Considering that this was the last Monday before Christmas break, I had thought to myself, the day had been a rather ordinary one. Snow fell in spurts and drifted through the town, and my lesson on stereotypes had begun with me asking if anyone in the class knew of stereotypes and had ended with a female student timidly raising her hand and answering, “Black guys have big penises.”


I stood outside in the hallway while the teacher shouted threats and hurled tirades at her students. Thirty minutes later, both parties emerged from the classroom as the bell rang overhead: one giggled, the other fumed.


“Hans, I am so sorry for that,” Angelika apologized and held her head with both hands. I reassured her that it wasn’t anything to apologize about and that I had dealt with much worse at my old job.


“Besides, it could’ve been … I don’t know, lost in translation?”


Angelika scoffed humorlessly at my suggestion. A heavyset woman in her late fifties, she waddled when happy and pounded the floor with her feet when upset or in a hurry. I felt the tremors beneath my feet as we gingerly paced down the main hallway to the teachers’ lounge. When we entered the packed room, Angelika told the others what had transpired in her class. I met the other teachers’ raucous laughter with a sheepish grin, and Angelika lamented the lack of focus the students displayed every year when Christmas break approached.


“Speaking of Christmas, have we told you about the Christmas party we’re having here at the HTL?” Angelika asked me. I shook my head, to which Angelika chided the other teachers for not having invited me to it.


“This is why our assistants keep leaving – because none of you know how to show hospitality!”


Au contrare, Angelika.” George the informatics teacher retorted. “Our last assistant left precisely because he showed too much of his ‘hospitality.’” The lounge broke out into laughter again.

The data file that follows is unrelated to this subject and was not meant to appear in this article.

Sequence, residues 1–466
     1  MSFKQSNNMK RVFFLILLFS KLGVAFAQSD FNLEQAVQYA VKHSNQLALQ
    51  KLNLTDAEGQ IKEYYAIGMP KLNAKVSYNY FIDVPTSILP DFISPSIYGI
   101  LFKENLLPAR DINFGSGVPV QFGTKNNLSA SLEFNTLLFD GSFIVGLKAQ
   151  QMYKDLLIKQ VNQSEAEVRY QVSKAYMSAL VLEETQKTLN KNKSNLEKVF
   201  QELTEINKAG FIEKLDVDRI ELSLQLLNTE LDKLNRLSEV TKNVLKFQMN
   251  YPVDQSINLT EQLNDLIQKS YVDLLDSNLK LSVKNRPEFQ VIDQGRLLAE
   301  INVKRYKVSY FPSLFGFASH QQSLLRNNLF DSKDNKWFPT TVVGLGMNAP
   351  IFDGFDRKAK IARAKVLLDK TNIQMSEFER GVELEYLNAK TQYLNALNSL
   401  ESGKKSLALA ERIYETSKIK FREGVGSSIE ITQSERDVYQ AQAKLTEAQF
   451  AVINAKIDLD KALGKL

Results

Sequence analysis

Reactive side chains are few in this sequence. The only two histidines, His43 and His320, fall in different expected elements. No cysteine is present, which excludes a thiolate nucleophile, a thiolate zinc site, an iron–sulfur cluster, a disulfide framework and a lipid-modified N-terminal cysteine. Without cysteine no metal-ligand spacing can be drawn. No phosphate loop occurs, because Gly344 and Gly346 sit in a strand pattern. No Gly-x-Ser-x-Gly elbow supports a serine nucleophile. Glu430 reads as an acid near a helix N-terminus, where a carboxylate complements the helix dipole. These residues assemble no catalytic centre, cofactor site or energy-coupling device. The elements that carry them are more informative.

“Please don’t mind those clods, Hans. Anyway, you’re invited, and it’s taking place this Thursday at eight p.m. There’ll be food, drinks, and less-than-stellar company.”


I thanked Angelika for the invitation and thought for a few seconds before asking whether or not I could bring something to the party.


“Our family has an eggnog recipe that my great grandfather passed down to us and that we make every Christmas. I wouldn’t mind making some and bringing it to the party if people are interested – it’s a holiday drink made from eggs, and very tasty.”


“A drink made from eggs?” George interrupted in a pessimistic tone. “Why would we want to drink eggs? That just sounds like you’re asking for salmonella.” The polite but trepid silence of the room communicated the reluctance of the rest of the teachers to my idea.


“It’s also an alcoholic drink, if that changes anything.”


“A-ha! Well why didn’t you tell us that in the first place!” Exclaimed George, and the teachers all breathed a sigh of relief. “Yes, yes, sounds like a fantastic idea, doesn’t it, everyone?” The teachers all bobbled their heads in agreement.


“Is there any way we can help?” Suzanne the math teacher piped up. “We would be more than happy to get the ingredients and anything else you need to make the eggnog.”


I pulled out my cell phone and read aloud the PDF file titled, “Jim Turner’s Eggnog Recipe (revised 2011)”:


  • 6 eggs, separated
  • ½ cup sugar (Splenda works as well as sugar and I can’t tell the difference, except there are far fewer calories!
  • 1 cup liquor (whiskey, rum, brandy, or combination)
  • 1 teaspoon vanilla
  • 2 pints heavy cream, whipped smooth
  • 2 cups milk or half-and-half


Beat egg yolks and sugar with an electric mixer until light and smooth. Add liquor and vanilla. (Or don’t add the liquor, and let the individuals add their own. Typically, a shot per 8 oz. glass works. But if you are Jim Turner, or are in his tradition, you can add as much Everclear as you want. Just don’t drive for the next couple of days.) Beat until smooth. Add milk or half-and-half.


Beat egg whites stiff but not dry. Fold in whipped cream and egg whites and refrigerate 2 hours until well-chilled. (If you don’t have time to chill, add ice cream to chill. Again, in terms of calories and taste, no-sugar ice cream works just as well in this concoction.)


If desired, thin with cold milk, and sprinkle lightly with grated nutmeg.